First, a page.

of a huge playground slide and the best Christmases ever.

By Joey Kennedy

I never went through one of those phases where I thought girls were icky. In kindergarten and first grade, Becky Hebert was my girlfriend. I do not know if Becky Hebert was aware of this, but I thought she was.

I’d chase Becky across the playground, and she’d often act as if she were annoyed. We had the tallest, scariest slide on our playground. Just climbing the ladder to get up top was fear-inducing. The smooth, shiny, aluminum slide would propel us down at speeds unheard of.

I was chasing Becky Hebert through the playground one day in kindergarten and ran underneath the mammoth slide as a short cut. Once I caught her, she pointed at my head and screamed. I touched my forehead and blood was dripping down the front of my face. Apparently I had routed my shortcut under a low part of the slide, grazed the top of my head, and, well, you know how even tiny head wounds bleed. I never felt anything.

Becky Hebert was terrified or grossed out or something. She cried, not out of sympathy I don’t think, but out of shock and dismay. A teacher came over and took me to the school nurse. No stitches; just a cleanup and a BAND-AID, and I was good to go.

I had never been injured sliding down that awful slide, but a bolt had clipped me when I ran under it. I can’t imagine uncovered bolts on a playground slide today. But in 1961, we were risk-takers.

Not long after I married Veronica (and not Becky), I took her on a Joey-lived-and-played-here tour of southeastern Texas. We visited that playground at my old elementary school in Hamshire because I wanted to show her that mammoth slide on which I had injured my head.

We found the slide, and I was devastated. I stand about 5-8, and my head was easily above the top of that slide. As a little boy, I had to find the courage to even climb that slide. Maybe to impress Becky Hebert? As an adult, my entire memory of those scary moments were instantly erased.

That’s why I’m so glad I can’t go to Hamshire or Winnie, in Texas, or Houma, in Louisiana and revisit my early Christmases. I do not want those memories ruined.

Our family did Christmas big. We’d have wrapped presents under the tree, but those were always from my siblings or mom and dad or a grandparent, an uncle or aunt, maybe a cousin. In our home, the tradition was to open the wrapped presents on Christmas Eve. That allowed us to clear the area around the tree for Santa Claus’s visit. The kind of tree we had depended on Mom’s mood. Most years, just a cut tree from a lot. But Mom went through the aluminum tree period where for a few years, we had this silver tree with a colored wheel that turned, sending out all sorts of colors. That, friends, was high tech in Texas.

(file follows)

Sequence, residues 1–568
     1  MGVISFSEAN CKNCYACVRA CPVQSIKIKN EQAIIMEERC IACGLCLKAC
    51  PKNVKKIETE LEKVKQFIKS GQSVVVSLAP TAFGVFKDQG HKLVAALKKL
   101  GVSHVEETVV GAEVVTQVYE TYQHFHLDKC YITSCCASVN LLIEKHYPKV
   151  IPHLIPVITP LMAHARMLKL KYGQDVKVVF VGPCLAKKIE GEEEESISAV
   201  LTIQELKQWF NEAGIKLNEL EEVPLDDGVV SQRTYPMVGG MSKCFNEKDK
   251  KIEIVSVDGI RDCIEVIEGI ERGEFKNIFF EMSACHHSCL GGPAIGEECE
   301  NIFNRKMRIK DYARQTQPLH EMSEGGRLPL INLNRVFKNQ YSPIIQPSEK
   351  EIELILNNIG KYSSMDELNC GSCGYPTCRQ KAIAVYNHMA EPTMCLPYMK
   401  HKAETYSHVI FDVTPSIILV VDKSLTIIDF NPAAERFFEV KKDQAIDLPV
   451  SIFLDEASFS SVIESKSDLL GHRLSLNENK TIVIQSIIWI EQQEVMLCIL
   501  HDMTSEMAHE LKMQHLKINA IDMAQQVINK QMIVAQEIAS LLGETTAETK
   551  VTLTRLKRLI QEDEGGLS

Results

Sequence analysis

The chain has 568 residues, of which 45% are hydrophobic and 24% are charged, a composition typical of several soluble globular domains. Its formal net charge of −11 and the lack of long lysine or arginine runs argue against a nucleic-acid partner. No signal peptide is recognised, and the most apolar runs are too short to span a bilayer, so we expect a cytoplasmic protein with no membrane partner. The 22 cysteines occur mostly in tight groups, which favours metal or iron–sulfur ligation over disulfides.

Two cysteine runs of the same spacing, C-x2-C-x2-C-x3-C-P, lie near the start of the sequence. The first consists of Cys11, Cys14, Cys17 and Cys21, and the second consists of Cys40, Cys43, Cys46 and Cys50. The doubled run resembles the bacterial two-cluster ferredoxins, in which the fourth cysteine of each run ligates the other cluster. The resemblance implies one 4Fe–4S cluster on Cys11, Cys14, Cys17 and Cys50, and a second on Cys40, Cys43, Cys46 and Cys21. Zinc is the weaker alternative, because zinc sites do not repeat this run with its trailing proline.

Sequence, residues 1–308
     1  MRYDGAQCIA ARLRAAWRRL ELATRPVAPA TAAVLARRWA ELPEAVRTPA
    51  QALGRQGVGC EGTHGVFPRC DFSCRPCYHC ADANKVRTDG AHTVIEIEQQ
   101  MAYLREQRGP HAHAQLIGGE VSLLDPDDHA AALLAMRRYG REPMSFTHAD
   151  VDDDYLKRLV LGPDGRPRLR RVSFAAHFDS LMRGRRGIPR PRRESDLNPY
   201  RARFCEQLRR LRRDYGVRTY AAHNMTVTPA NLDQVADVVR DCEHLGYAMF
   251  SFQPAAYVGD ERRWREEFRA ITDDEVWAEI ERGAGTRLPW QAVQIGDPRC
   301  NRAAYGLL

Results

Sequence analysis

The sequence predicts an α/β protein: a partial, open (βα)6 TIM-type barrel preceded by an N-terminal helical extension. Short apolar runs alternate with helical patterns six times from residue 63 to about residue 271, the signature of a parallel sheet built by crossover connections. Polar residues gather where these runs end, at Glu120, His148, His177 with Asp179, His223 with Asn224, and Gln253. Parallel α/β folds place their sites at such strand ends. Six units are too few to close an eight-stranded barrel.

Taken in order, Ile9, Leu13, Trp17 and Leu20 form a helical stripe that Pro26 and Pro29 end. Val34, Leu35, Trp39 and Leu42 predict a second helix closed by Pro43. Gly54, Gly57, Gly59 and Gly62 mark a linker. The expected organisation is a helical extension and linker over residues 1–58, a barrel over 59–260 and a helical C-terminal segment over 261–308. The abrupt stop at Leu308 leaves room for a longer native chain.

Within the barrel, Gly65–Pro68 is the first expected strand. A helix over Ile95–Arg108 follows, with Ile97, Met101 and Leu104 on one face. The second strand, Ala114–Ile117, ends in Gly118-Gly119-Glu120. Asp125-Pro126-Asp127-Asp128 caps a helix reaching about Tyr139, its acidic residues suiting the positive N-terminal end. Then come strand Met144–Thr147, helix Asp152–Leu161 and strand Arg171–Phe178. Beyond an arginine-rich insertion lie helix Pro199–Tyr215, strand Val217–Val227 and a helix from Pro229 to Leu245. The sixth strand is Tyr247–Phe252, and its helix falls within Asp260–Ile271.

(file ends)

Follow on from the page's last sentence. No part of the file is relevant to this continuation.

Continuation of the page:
Never once as a young kid did we live in a house that had a fireplace. But I didn’t overthink the absence of a chimney; I was spending my time looking forward to Christmas morning. Santa put our gifts under or around the tree un-wrapped. So when we got up on Christmas, we immediately saw what Santa had left after he and the reindeer departed.

One of my all-time favorite gifts was a big box of green plastic soldiers in various offensive positions. One was throwing a grenade and another was pointing a rifle. Some had machine guns, and an officer carried a pistol. The set included tanks and jeeps and halftracks. There must have been hundreds of pieces. That’s how I remember it, but it could have been a couple dozen. I don’t really want to know.

I had a vivid imagination and could play war for hours. I mixed weapons, using my marbles to mow down the army. Looking back, it sounds like I was a violent child. But I had no idea what war is, and today I know war is never fun. But it was in 1962.

One year I received one of those banana-seat bicycles with the raised handlebars. I now had a freedom I’d never known before. By this time, we were living in Louisiana, and I biked all over my neighborhood and others, too, with clothes-pinned playing cards making what I imagined as engine noises as they rapidly slapped the spokes of my tires.

Yet, the older I got, the less magic the Christmas season became. I figured out Santa was Mom and Dad, who consumed the cookies and milk we’d always leave out. A few years later, we ended that tradition as it became clear that Dad would have preferred cookies and vodka.

Today, it’s all I can do to find even a jot of the Christmas spirit I had in abundance as a child. Already, as I write this in early November, three weeks before Thanksgiving, Christmas decorations and displays are going up in stores. The red cups are in use at Starbucks. SiriusXM has at least 15 holiday music channels.

I want a Christmas where a bunch of plastic army men or a Hot Wheels racing set were the best gifts a boy could get. When they were delivered by Santa Claus and some flying reindeer through a chimney that did not exist.

I do miss that.

And I miss those days when that slide at Hamshire Elementary School was 20-feet tall.

Let’s remember to remember. Merry Christmas and happy holidays.

One Response to “Memories”

  1. Jill Peerey says:

    Merry Christmas, Joey Kennedy! This memory took me back to my old school playground and those wonderful Christmas mornings in a household of four children. Such wonderful times! Now, I celebrate Christmas as I decorate, cook special foods and watch the faces and the excitement of our grandchildren. It is always fun to share surprises no matter what our age.

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